A man who said he had escaped from the Maryland prison system more than 30 years ago turned himself in to police in Oklahoma last week after what appeared to be one of the longer periods on the run to come to light.
Police in Oklahoma City said a man first called them Monday using the name Jack Watson. Then, the police said, he called again, gave what he said was his true name, Anthony Rackley, and described himself as a fugitive from Maryland, who they said “escaped from a Maryland prison in July 1980.”
According to the report, Rackley, 62, told police that he had become a victim of extortion from someone to whom he had once divulged his story. When demands upon him increased, Rackley said, he “decided enough was enough” and called police.
Mark Vernarelli, a spokesman for the Maryland Department of Public Safety and Correctional Services, said Rackley’s case pre-dates electronic records and that authorities are trying to pull old paperwork including arrest and incarceration records.
The spokesman said Rackley had about five years left on his sentence for either an armed robbery or a robbery with a deadly weapon conviction and was being held at a pre-release center on Greenmount Avenue in downtown Baltimore.
The center has vocational programs designed to help inmates who are close to release dates ease back into society. Vernarelli said officials do not know how Rackley apparently escaped but said it’s possible he scaled a wall or simply walked away.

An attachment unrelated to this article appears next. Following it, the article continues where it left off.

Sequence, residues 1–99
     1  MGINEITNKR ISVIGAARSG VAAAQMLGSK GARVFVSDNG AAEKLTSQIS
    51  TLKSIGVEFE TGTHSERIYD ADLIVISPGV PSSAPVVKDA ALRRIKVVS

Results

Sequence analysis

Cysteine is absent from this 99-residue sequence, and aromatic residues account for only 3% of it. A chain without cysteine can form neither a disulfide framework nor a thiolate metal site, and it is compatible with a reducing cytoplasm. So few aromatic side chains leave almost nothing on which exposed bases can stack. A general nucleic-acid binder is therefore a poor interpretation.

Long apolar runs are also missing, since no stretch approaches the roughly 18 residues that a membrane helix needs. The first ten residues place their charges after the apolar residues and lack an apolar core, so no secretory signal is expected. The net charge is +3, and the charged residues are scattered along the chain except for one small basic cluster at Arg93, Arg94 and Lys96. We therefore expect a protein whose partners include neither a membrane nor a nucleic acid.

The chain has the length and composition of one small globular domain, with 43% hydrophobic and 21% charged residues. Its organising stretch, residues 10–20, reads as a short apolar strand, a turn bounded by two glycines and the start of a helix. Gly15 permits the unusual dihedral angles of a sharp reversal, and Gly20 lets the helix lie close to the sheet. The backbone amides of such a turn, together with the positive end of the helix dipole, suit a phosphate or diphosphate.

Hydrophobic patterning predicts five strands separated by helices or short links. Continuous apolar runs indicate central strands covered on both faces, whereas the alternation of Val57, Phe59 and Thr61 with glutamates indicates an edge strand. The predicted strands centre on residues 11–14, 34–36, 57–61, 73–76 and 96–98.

Maryland District Court records show that Rackley was charged with escape on July 11, 1980, but prosecutors dropped the charge in 1998. Officials could not say why, but it could have been part of a purge of old cases that authorities doubted would ever be solved.
Rackley’s three-decade odyssey unraveled when he picked up the phone and called police in Oklahoma, according to authorities there.
He complained of an alleged fraud and identified himself as Watson. But in a second call, he identified himself as Rackley, the police said.
After he “escaped from a Maryland prison,” the police report said, Rackley assumed another identity and began fundraising for a Lions Club in Oklahoma. The money he raised, according to the report, was divided among him, a second person and the club.
About 10 years ago, the police report said, Rackley told the second person that he was an escapee.
About a year after that, the report said, the second person allegedly asked for a larger cut of the money Rackley was getting, telling Rackley that he had no choice but to comply.
Then, the police report said, on Monday, the second person asked for a still larger share of the money that was going to Rackley.
He “again threatened to turn him in” if he did not go along, the report said.
At that point, according to the police report, Rackley “decided enough was enough.”
He “didn’t care if he was shipped back to prison,” the report said. “He didn’t want anyone blackmailing him.”
Oklahoma City police said Rackley was taken into custody without incident. He was then taken to the Oklahoma County jail and booked there.
Vernarelli said that authorities want Rackley back in Maryland but are still working out the logistics. “The extradition process is underway,” Vernarelli said. “We’re not sure who is responsible for physically getting him.” He said that officials have been “trying to figure out the paper files on this guy.”
Peter Hermann contributed to this report.